With respect to the post below, one friend wrote in to tell me that I'd misread the new poll showing Linc Chafee just ahead of his nearest Democratic challenger 41% to 36%. "Any incumbent under 50 is in some trouble," he told me.

Yes and no. Certainly, under normal circumstances, any incumbent who's running that far under 50% is in a lot of trouble, by definition. And Chafee still is in a lot of trouble, especially since Rhode Island is such a blue state. But if you've lived in Rhode Island you know that Chafees are sort of like cats with nine lives. They're uncannily hard to beat.

More to the point, if the incumbent Republican is way down in the low 40s, far better that your guy is ahead of him, rather than behind.

I've heard good things about Whitehouse, Chafee's likely opponent. And I think he's got a decent shot at winning. But the stone cold truth is that with Jim Langevin in the race Chafee would be heading back to Rhode Island for good. And now that's not clear.

Of course, the GOP money caucus could still run a primary challenger against Chafee. And that could knock Chafee out for good too.

Unsettling news out of Rhode Island. Chafee back on top in Senate trial heat. (Note to DSCC: if you can't land this one ... Who didn't put the squeeze on Langevin?)

Late Update: A Reader tells me that Chafee has always led Whitehouse and Brown, the two remaining Dems in the race. Thus, it's wrong for me to say he's "back on top". Maybe. The other way to put it would be to say that with Langevin out of the race, Chafee is now leading everyone in the Dem field. True, his numbers still aren't great. Only 41% to 36% over state AG Sheldon Whitehouse. But it all comes down to the same point: Langevin's getting out of the race was a disaster. Who didn't make sure he stayed in?

I didn't take that dreadful MZM money, did I?

The Sarasota Herald-Tribune reports today that Katherine Harris (R-Money) has offered to return the money that earlier reports suggest may have been coerced from MZM employees. This follows another story in the competitor paper, the Sun-Herald, which earlier reported Harris's place high atop the MZM love-list.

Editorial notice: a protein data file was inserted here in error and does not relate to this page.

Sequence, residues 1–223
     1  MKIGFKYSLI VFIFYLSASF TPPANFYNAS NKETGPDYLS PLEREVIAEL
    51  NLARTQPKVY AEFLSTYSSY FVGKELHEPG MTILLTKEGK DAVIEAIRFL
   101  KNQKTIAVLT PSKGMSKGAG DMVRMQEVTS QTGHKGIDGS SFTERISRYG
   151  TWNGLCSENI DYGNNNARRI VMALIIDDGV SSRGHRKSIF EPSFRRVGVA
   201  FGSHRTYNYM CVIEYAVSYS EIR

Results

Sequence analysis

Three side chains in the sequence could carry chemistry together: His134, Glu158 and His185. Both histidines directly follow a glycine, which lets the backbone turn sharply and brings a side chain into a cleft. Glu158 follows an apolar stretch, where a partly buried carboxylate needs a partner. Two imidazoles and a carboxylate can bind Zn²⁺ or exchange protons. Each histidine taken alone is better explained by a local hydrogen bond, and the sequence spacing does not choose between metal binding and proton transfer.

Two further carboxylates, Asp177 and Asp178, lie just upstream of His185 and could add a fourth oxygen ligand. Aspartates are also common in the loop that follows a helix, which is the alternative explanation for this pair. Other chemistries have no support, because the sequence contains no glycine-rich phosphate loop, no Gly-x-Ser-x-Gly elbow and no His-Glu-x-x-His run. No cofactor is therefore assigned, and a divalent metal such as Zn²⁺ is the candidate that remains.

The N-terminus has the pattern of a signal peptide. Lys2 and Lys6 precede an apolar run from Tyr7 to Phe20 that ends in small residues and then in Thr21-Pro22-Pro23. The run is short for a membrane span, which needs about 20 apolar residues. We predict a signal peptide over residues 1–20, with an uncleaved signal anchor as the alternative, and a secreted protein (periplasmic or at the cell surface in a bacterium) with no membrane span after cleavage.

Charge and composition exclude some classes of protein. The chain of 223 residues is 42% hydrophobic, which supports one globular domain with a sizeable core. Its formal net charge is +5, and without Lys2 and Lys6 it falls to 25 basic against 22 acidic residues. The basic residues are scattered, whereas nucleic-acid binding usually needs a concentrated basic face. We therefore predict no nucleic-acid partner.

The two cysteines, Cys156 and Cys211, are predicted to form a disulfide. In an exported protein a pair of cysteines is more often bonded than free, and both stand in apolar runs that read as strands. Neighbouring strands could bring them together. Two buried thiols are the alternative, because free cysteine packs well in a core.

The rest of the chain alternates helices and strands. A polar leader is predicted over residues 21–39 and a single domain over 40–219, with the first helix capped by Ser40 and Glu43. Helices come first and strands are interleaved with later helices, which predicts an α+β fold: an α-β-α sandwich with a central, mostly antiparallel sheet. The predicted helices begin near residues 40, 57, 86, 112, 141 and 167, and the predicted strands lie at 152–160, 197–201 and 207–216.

Now, the funny thing is, when you read into the Herald-Tribune piece you see that the emphasis is very much on the word 'offer'. From what I can tell from the article, Harris has now sent letters to each 'contributor', offering to refund their money.

So I guess all these folks have to do is admit their involvement (even as a victim) in what I take it would be a felony and they can have their two or four grand back.

I bet she'll have a lot of takers.

You'll remember that during SpongeBob's time of need, the United Church of Christ was there to stand with him in the face of attacks from the likes of radical cleric James Dobson (actually, Dobson isn't even a cleric, but what I guess you'd call a lay extremist).

They were also the ones who tried to run an ad celebrating their church's message of outreach and inclusion of gays and lesbians only to have NBC and CBS reject it because such a position is, by their lights, too controversial.

In any case, they're having their General Synod this weekend. And they've even got a blog set up to provide some play-by-play.

Okay, I guess 'play-by-play' may be a bit of a sacrilegious way to describe it. But, you get the idea.

Stop by.

Late Update: Here's a good post about how ABC justified running an ad by Dobson's Focus on the Family after rejecting the UCC's ad. And here's another on the UCC president's endorsement of a resolution backing gay marriage.